NOGALES, ARIZONA – As President Donald Trump signed executive orders in Washington to build a wall and increase enforcement of the U.S.-Mexico border, Carlos Santa Cruz’s small section of fence behind his house was quiet and serene. A landscaper in Nogales and Rio Rico, he has lived right next to the border for 37 years and has seen the changes that have come with different presidential administrations.
“Back in the day you could see guys standing, from right here, with AKs,” he said. “Not anymore, now our community is safe. I’ve got grandsons.”
But his feelings are mixed, because as the wall has stretched higher, it has strained Nogales’ relationship with neighboring Mexico.
“It kills Nogales when you cannot see through to Mexico, and Mexico can’t see through to Nogales, Arizona,” said Santa Cruz. He said residents on each side can talk through the fence. But he worries a wall would change that. “Because we’re getting more like being in a prison. Say we’ve got somebody, family, who doesn’t have any papers. We can talk from here, ‘Hey how are you?’ If he put up the wall — not anymore.”
In a speech following Trump’s signing of the two executive orders, the president said his measures “will save thousands of lives, millions of jobs and billions and billions of dollars” while enhancing the U.S.’s relationship with its southern neighbor. And he reiterated that Mexico would reimburse the U.S. for the cost of construction.
The orders call for the government to “immediately plan, design and construct a physical wall along the southern border,” add 5,000 new Customs and Border Patrol officers, triple the current number of Immigration and Customs Enforcement officers and strip federal grant money from sanctuary cities, among other provisions.
Nogales is the busiest international crossing in Arizona for workers, shoppers and a hub for international trade. More than 60 percent of Nogales’ sales tax comes from Mexican shoppers crossing the border daily, according to the Arizona-Mexico Commission.
The mayor of Nogales, John F. Doyle, said even if the increased border security is not targeting legal border crossers, the message Trump is sending to Mexico will hurt the border economy.
“There’s going to be a negative runoff that will probably reduce by a certain percentage more shoppers at this point,” he said during an interview with Cronkite News. “If the wall ever materializes you’re going to see more devastation toward the border communities.”
Business leaders on the border are concerned that damaging the U.S.’s relationship with Mexico will have far-reaching consequences, Doyle said, because Arizona’s economy not only greatly benefits from border shoppers, but the U.S. is dependent on produce imports as well.
“The winter produce supplies the American food supply,” he said. “As far as produce goes, 75 percent of American produce comes from neighboring Mexico.”
A Cronkite News-Univision News-Dallas Morning News poll published in July 2016 found that the majority of residents of U.S. and Mexico border cities oppose a border wall — 69 percent on the Mexico side and 59 percent on the U.S. side.
But others praised Trump’s promise to go after and deport criminals living in the U.S. illegally. Maria Espinoza, co-founder and national director of the Remembrance Project, said crimes committed by undocumented immigrants, especially murders, are more important than any negative economic impact from increased security. Trump specifically recognized her organization during his speech at the Department of Homeland Security.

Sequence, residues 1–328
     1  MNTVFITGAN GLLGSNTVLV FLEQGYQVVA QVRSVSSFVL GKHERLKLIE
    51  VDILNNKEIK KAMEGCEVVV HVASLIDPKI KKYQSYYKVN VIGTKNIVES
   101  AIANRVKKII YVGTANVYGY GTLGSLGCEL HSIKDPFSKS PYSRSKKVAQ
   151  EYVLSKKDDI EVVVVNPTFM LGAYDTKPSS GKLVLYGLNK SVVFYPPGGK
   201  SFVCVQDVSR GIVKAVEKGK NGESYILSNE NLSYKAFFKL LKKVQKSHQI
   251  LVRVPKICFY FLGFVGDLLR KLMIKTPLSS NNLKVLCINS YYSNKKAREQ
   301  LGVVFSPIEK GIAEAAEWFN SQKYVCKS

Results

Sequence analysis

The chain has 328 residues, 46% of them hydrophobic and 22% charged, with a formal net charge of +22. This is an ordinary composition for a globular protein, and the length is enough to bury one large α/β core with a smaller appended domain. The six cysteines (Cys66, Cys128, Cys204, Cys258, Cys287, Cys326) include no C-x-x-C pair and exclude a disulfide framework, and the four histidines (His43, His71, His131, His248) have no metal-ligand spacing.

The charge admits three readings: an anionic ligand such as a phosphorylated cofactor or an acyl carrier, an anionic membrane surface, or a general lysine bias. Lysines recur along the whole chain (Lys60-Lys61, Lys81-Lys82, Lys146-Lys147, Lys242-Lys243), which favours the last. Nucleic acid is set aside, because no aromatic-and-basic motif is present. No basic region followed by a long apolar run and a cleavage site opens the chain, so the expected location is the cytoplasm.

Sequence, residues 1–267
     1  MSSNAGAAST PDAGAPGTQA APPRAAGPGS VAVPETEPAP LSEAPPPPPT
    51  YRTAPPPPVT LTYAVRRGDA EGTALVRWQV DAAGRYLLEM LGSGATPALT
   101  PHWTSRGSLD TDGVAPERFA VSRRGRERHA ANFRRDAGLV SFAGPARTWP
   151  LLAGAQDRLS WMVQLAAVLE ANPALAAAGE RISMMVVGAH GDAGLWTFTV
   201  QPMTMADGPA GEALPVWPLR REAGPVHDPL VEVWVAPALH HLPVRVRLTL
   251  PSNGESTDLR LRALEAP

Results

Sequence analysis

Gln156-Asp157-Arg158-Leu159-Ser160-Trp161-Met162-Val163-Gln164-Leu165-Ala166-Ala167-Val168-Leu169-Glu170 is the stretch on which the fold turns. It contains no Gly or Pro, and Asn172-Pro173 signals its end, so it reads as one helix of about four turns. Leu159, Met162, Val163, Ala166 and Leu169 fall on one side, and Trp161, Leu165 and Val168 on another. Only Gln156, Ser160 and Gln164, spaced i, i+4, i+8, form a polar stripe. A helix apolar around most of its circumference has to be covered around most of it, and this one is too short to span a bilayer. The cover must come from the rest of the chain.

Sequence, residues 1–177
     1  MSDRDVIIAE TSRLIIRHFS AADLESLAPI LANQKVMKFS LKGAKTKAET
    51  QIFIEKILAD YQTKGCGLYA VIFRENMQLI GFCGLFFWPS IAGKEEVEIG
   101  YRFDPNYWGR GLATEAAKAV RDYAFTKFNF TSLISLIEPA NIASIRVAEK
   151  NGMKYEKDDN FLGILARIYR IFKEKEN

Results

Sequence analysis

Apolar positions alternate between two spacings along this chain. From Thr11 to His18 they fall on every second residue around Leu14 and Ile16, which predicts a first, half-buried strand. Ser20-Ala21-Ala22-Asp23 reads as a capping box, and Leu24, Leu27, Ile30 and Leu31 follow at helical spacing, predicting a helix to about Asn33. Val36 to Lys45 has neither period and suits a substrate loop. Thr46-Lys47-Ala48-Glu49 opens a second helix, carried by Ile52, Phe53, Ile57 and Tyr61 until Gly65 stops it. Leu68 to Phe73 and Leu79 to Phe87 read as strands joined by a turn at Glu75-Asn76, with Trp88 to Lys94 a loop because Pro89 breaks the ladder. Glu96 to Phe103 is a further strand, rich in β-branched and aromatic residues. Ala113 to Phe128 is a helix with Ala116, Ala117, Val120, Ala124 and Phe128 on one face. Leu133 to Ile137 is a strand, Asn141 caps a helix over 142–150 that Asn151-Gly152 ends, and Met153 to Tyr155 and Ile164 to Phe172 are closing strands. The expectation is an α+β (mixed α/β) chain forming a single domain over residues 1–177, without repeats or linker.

“Americans are very gracious and compassionate people and if Mexico would like to be more like America and prosper as well then I would say that they can secure their border and put in place what’s best for their families,” she said during a phone interview. “One life stolen by an illegal alien is one life too many especially if it’s your family member.”
Tony Estrada, sheriff of Santa Cruz County for 25 years, said Trump’s wall will not stop crime or drugs.
“It’s not the solution,” he said. “It’s an option that may discourage or reduce, but what he says that a great big, beautiful wall is going to stop everything, I think he’s fantasizing. It’s just not going to happen.”
Paige Corich-Kleim, a desert aid worker for No More Deaths, an organization that advocates for migrants, is concerned the new border enforcement measures will only make crossing the border more dangerous.
“What we’ve seen in the past is the effect of the walls on the border has meant an increase in violence and migrant deaths,” she said. “… We believe migration is a human right and not dying because of an unjust border policy is a human right.”
Political leaders in Arizona had mixed reactions to President Trump’s executive orders. Phoenix Mayor Greg Stanton is concerned the wall will damage Arizona’s relationship with Mexico and therefore Arizona’s economy, which he said draws 100,000 jobs on commerce with Mexico. The City of Phoenix opened a trade of office in Mexico City last fall.
Gov. Doug Ducey said he was happy that “our southern border counties are going to have some attention and some public safety.”
.@dougducey on #Trump border wall: “This is something that needs attention.” pic.twitter.com/RvsGkNJbcj
— Cronkite News (@cronkitenews) January 25, 2017
The governor was in Mexico City 10 days ago to discuss economic development opportunities.
“We have a good relationship; I would say it’s a partnership,” he said. “We are neighbors. We’re going to be a good neighbor. Public safety is important to them as well.”
A few hours after Trump’s speech, Mexican President Enrique Peña Nieto tweeted a video statement saying Mexico would not pay for the wall.
Un mensaje para todos los mexicanos: pic.twitter.com/EFcNh7fQtm
— Enrique Peña Nieto (@EPN) January 26, 2017